A linguistic misunderstanding created much amusement over the weekend – and a memory to treasure too. My daughter had asked my husband: ‘What do you want for your birthday?’ ‘A lie-in,’ he’d replied, with the weariness of one who hasn’t slept properly in five years. Later, I asked her: ‘What do you want to get Dad for his birthday?’ ‘A LION,’ she replied, confidently.


When I’d finally stopped laughing, having watched him open his cuddly new lion with an air of bemusement, one thought struck me and stayed with me. Her complete lack of judgement. My daughter didn’t question or challenge her dad in his request, she didn’t ask him if he was sure, she didn’t wonder if she’d misheard. She simply accepted that this was his choice and it was not for her to project her own prejudices or beliefs onto his decision-making.


I don’t know when we become more judgemental, when we become weighed down by expectations that can limit our openness. But what I do know is that non-judgement enriches the experiences we have, frees us up to find new solutions, and empowers us to follow our goals and ambitions.


Non-judgement is an important factor in engaging people. After all, the very act of asking people what they think and feel shows that we are not relying on our own perceptions and understanding – we are opening the question up to gain that insight, trusting in the experiences and knowledge of others. When we are engaging people, how we ask questions is important too: the more open we can be, the less we shape the direction of travel of the feedback we get. And, then to paraphrase George Michael, listening to others – our staff, customers, partners, stakeholders – without prejudice. This can be trickier, but when we free ourselves of expectations, and disassociate personally from what we are being told, we can learn so much.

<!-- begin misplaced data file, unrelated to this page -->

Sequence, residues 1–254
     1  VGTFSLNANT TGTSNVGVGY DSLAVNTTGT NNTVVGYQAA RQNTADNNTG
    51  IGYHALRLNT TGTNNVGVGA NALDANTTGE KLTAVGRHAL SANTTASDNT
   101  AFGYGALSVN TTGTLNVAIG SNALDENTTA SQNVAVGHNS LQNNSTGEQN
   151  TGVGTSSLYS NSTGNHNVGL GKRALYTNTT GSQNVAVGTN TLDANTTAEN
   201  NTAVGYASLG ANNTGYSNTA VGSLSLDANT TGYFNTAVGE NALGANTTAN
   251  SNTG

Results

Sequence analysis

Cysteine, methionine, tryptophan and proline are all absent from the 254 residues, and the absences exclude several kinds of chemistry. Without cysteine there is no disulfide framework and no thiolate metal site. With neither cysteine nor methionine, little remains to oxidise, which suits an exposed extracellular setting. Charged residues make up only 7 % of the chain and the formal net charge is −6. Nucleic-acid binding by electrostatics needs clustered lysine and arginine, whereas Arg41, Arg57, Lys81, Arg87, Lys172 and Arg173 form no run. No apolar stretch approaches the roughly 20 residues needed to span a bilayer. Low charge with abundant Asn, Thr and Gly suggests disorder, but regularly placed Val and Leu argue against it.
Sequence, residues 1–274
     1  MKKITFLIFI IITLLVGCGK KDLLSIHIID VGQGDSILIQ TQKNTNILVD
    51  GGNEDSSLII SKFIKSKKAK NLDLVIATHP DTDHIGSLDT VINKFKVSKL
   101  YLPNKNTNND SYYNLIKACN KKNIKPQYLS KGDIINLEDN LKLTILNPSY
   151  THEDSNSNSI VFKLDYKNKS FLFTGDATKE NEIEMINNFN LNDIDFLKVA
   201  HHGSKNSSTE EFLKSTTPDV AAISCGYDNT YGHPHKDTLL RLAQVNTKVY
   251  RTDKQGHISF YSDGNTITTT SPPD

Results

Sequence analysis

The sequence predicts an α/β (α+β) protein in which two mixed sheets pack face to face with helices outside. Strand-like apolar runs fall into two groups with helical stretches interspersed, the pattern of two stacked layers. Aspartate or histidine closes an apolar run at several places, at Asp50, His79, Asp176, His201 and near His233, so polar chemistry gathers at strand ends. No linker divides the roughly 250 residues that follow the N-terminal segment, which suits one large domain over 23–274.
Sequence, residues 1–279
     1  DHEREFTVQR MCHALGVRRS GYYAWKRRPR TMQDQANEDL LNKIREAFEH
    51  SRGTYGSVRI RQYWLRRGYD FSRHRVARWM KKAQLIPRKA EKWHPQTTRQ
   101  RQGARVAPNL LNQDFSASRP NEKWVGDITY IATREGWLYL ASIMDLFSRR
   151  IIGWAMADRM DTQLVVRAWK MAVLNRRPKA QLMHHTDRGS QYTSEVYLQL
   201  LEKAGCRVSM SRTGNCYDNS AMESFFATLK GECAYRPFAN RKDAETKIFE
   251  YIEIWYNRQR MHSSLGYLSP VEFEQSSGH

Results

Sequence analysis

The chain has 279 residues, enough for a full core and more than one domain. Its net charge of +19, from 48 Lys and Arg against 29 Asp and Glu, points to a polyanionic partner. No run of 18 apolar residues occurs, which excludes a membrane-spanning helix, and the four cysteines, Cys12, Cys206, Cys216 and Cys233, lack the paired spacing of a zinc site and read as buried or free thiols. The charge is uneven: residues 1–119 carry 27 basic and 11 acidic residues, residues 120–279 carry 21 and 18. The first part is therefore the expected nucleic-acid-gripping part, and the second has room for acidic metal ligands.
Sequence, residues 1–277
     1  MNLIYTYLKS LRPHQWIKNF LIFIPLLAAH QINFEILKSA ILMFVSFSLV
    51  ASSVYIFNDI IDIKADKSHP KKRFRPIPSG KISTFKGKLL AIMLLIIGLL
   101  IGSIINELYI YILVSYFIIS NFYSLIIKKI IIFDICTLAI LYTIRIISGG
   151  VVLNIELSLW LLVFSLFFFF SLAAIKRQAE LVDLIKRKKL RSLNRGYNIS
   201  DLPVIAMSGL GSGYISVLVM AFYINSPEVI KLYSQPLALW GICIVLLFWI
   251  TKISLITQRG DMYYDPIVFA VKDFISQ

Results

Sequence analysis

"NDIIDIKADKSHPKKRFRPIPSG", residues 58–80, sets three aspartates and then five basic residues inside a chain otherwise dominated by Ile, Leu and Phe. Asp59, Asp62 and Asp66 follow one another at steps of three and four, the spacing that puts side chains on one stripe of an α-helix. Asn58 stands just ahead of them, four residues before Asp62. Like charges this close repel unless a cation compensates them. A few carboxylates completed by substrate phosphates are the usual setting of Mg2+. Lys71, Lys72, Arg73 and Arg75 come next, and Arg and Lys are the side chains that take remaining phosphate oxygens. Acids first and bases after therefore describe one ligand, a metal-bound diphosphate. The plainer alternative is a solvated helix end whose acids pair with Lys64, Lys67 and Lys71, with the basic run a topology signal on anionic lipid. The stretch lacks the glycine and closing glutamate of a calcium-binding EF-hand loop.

And this can lead to real innovation and creativity. When we ask, listen, and learn without judgement, we can do great things. We can shape new ways of doing and working – things that we might not previously have envisaged.


But perhaps where we use judgement most is with ourselves. How often do we think ‘I’d like to….’ but before we get any further throw a great big ‘I can’t’ in our way? How frequently do we stop ourselves taking a step forward towards our goals, our ambitions – our dreams – because of our own thinking errors, hurdles at which we stumble?  How many times have we been offered an opportunity but said ‘no’ because we judge ourselves with limiting perceptions?


And it’s not just the judgement we use with ourselves. It’s the perception of how we might be judged: ‘what will people think?’ The fact is people aren’t probably thinking what we imagine them to be, and besides, what does it matter anyway? And yet, we let their perceived judgement stop us from taking a step forward.


Through non-judgement, we can hear more, see more, learn more, and enjoy richer, different experiences – and perhaps we can achieve the dreams we aspire to too.


And maybe, because of non-judgement, we can end up with a birthday present that we never knew we wanted, but which could not have been any more perfect.

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